The Society for German Colonization (German: Gesellschaft für Deutsche Kolonisation, GfdK) was founded on 28 March 1884 in Berlin by Carl Peters. Its goal was to accumulate capital for the acquisition of German colonial territories in overseas countries.
Peters had just returned from London, where he lived with his well-off uncle Carl Engel and studied the principles of British colonialism. In the autumn of 1884 he proceeded, together with his friend Karl Ludwig Jühlke and Count Joachim von Pfeil, to the Sultanate of Zanzibar. Peters had initially planned to prospect for gold in Southern African Mashonaland (in present-day Zimbabwe) but discovered that the territory had already been overrun by the British.
Peters' Zanzibar expedition was a nuisance to the German government of Chancellor Bismarck, focused on good relations with both Sultan Barghash bin Said and the British Empire, and the German consul Gerhard Rohlfs made that clear to him. Peters, Jühlke and von Pfeil, suspiciously eyed by the British envoy John Kirk, thereupon embarked to the East African Tanganyika mainland. During their journey in November and December 1884, Peters concluded several "treaties of protection" (Schutzverträge) with tribal chiefs in the Useguha, Ussagara, Nguru, and Ukami regions as a "Representative of German Colonization". The provisions, issued in German, conferred all rights to exploit the territories on the Gesellschaft für Deutsche Kolonisation in exchange for some inexpensive gifts.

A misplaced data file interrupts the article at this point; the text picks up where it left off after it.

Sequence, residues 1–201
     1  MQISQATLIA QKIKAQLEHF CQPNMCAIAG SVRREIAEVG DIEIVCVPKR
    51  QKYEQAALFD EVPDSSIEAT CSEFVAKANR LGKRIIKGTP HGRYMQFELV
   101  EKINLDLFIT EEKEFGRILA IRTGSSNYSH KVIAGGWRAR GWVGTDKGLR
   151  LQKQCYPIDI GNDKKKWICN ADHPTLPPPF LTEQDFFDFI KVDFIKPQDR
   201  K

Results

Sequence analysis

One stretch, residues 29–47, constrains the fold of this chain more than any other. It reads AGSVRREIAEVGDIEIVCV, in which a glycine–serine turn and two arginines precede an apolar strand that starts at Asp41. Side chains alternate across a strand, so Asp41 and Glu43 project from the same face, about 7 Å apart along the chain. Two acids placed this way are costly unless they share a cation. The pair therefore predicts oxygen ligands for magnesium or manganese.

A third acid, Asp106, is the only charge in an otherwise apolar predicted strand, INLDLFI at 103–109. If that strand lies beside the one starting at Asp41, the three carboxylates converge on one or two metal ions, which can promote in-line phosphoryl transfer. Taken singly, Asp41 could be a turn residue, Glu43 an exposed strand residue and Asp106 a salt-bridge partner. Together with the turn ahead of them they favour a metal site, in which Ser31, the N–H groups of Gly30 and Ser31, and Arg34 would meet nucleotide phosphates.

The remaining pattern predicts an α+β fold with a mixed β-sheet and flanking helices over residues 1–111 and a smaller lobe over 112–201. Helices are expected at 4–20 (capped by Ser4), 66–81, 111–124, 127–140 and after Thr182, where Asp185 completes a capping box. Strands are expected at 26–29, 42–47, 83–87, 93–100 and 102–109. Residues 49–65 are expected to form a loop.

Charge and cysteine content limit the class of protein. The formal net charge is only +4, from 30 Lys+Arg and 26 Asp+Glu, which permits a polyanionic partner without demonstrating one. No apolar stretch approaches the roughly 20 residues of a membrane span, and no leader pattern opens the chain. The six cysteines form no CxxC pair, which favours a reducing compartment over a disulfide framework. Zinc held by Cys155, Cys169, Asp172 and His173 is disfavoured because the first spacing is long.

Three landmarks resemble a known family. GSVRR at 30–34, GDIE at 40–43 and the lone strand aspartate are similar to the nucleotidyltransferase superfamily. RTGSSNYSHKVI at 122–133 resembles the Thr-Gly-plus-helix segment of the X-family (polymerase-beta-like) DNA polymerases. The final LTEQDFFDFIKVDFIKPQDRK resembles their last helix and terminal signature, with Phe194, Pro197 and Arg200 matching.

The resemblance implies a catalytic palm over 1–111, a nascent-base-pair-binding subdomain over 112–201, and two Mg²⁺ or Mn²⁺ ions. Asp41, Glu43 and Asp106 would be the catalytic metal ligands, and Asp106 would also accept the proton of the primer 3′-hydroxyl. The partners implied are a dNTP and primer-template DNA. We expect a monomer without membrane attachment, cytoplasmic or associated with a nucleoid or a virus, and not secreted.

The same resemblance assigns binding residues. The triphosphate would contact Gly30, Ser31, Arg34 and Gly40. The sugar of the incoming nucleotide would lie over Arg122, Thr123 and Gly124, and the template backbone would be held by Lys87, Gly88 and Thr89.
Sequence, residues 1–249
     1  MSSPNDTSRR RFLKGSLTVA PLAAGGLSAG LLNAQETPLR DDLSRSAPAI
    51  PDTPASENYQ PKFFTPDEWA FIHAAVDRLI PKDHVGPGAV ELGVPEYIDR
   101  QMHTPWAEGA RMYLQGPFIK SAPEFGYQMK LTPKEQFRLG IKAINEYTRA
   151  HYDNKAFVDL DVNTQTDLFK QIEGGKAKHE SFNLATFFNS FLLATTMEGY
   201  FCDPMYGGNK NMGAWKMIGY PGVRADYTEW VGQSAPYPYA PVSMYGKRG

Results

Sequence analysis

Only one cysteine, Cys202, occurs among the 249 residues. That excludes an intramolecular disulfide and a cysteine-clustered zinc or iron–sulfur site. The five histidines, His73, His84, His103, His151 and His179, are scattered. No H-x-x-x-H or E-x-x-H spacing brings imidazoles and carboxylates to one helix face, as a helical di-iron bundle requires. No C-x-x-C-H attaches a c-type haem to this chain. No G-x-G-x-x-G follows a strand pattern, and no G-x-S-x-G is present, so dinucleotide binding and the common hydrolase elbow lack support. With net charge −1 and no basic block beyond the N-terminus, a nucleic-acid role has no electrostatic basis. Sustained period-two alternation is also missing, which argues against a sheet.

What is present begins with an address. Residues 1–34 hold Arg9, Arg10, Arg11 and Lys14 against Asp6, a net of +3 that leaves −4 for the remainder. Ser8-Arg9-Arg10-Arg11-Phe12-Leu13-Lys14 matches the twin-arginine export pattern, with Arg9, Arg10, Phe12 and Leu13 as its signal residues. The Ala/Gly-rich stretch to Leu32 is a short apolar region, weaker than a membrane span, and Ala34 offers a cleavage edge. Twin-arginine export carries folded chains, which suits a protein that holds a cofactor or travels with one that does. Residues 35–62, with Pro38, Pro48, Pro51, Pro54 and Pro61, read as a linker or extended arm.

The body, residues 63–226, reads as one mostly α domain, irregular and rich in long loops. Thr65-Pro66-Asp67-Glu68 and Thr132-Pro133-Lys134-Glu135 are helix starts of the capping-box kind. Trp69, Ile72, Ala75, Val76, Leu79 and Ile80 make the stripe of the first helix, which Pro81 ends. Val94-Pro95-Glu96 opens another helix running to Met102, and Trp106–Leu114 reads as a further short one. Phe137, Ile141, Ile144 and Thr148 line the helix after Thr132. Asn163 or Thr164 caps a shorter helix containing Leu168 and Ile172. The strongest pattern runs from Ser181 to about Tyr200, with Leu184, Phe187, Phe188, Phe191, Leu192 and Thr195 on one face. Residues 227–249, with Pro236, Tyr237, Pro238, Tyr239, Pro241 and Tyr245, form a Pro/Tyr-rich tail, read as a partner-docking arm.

Returning to Germany in February 1885, Peters demanded the implementation of an official protection status for the areas. Bismarck meanwhile had developed own colonial strategies and from 15 November 1884 hosted the Berlin Conference that fuelled the "Scramble for Africa". Though the chancellor still expressed serious doubts regarding Peters' land acquisitions, he finally gave in with respect to the expansion of the Belgian colonial empire in Congo while the British were stuck in the Mahdist Sudan revolt. One day after the end of the Berlin Conference, on 27 February 1885, the GfdK obtained an imperial charter issued by Emperor Wilhelm I.
On 2 April 1885 Peters formed the German East Africa Company (Deutsch-Ostafrikanische Gesellschaft, GOAD), modelled on the East India Company. He was aware that the imperial charter marked the beginning of a large-scale seizure of land to create reality, which soon resulted in an official note of protest by Sultan Barghash bin Said. Bismarck found himself constrained to send a squadron of Imperial Navy gunboats under Admiral Eduard von Knorr to the port of Zanzibar, whereafter the sultan relented and on 20 December 1885 signed a "treaty of friendship" recognising the acquisitions of German East Africa. However, Peters' ongoing impetuous advance caused further unrest, culminating in the Abushiri Revolt of 1888/89.
The GOAD superseded the Gesellschaft für Deutsche Kolonisation which was merged in 1887 with the Deutscher Kolonialverein into the German Colonial Society (Deutsche Kolonialgesellschaft).